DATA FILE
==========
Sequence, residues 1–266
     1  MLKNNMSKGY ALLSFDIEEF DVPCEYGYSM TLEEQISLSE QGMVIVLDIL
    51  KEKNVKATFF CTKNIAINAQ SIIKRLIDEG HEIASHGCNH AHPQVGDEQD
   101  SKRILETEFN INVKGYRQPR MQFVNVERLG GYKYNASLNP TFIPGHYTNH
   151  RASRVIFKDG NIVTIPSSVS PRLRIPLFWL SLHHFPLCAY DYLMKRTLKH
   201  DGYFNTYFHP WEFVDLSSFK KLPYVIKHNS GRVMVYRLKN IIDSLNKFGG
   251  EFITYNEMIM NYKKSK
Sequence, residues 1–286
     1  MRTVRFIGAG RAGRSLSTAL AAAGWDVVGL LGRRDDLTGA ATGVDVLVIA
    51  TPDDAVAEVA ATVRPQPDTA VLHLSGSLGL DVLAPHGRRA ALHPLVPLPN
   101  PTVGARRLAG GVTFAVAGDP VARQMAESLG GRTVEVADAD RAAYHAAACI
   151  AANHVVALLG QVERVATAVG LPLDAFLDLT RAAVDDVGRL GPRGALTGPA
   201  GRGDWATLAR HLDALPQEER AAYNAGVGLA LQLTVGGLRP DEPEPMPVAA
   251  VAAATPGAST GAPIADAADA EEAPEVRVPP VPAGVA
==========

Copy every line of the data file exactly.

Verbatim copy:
Sequence, residues 1–266
     1  MLKNNMSKGY ALLSFDIEEF DVPCEYGYSM TLEEQISLSE QGMVIVLDIL
    51  KEKNVKATFF CTKNIAINAQ SIIKRLIDEG HEIASHGCNH AHPQVGDEQD
   101  SKRILETEFN INVKGYRQPR MQFVNVERLG GYKYNASLNP TFIPGHYTNH
   151  RASRVIFKDG NIVTIPSSVS PRLRIPLFWL SLHHFPLCAY DYLMKRTLKH
   201  DGYFNTYFHP WEFVDLSSFK KLPYVIKHNS GRVMVYRLKN IIDSLNKFGG
   251  EFITYNEMIM NYKKSK
Sequence, residues 1–286
     1  MRTVRFIGAG RAGRSLSTAL AAAGWDVVGL LGRRDDLTGA ATGVDVLVIA
    51  TPDDAVAEVA ATVRPQPDTA VLHLSGSLGL DVLAPHGRRA ALHPLVPLPN
   101  PTVGARRLAG GVTFAVAGDP VARQMAESLG GRTVEVADAD RAAYHAAACI
   151  AANHVVALLG QVERVATAVG LPLDAFLDLT RAAVDDVGRL GPRGALTGPA
   201  GRGDWATLAR HLDALPQEER AAYNAGVGLA LQLTVGGLRP DEPEPMPVAA
   251  VAAATPGAST GAPIADAADA EEAPEVRVPP VPAGVA